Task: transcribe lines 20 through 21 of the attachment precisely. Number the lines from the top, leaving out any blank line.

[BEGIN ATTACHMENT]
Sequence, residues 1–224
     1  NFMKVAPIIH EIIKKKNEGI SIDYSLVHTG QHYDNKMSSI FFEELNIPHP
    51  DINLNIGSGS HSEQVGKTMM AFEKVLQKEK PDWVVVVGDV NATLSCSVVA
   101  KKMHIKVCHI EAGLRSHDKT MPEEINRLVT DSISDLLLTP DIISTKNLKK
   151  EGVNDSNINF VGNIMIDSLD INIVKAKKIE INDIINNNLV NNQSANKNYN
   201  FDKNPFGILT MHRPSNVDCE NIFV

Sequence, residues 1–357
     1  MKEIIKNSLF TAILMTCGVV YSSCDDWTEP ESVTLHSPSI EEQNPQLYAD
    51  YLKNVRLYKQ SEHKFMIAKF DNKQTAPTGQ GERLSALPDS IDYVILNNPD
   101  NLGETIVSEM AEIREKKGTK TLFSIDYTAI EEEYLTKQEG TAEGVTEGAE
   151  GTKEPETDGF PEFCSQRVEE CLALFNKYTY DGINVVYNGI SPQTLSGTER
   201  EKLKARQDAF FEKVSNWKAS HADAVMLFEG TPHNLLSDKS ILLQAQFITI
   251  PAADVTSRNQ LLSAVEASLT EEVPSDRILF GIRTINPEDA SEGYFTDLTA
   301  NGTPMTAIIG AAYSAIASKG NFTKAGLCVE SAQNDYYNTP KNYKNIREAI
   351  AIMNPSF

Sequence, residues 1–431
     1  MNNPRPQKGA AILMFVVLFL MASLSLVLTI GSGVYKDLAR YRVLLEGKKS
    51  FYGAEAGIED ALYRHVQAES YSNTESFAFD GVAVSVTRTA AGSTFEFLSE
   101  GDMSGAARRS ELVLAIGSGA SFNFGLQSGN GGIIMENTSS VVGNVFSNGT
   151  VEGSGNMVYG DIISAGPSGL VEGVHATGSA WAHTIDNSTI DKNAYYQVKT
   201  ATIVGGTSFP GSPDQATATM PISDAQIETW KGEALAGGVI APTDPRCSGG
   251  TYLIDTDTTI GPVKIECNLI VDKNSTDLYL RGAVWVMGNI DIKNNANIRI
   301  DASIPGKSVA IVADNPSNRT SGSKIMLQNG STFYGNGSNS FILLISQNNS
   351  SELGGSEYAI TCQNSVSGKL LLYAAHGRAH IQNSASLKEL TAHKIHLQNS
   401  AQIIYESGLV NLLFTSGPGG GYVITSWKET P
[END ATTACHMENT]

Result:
   151  VEGSGNMVYG DIISAGPSGL VEGVHATGSA WAHTIDNSTI DKNAYYQVKT
   201  ATIVGGTSFP GSPDQATATM PISDAQIETW KGEALAGGVI APTDPRCSGG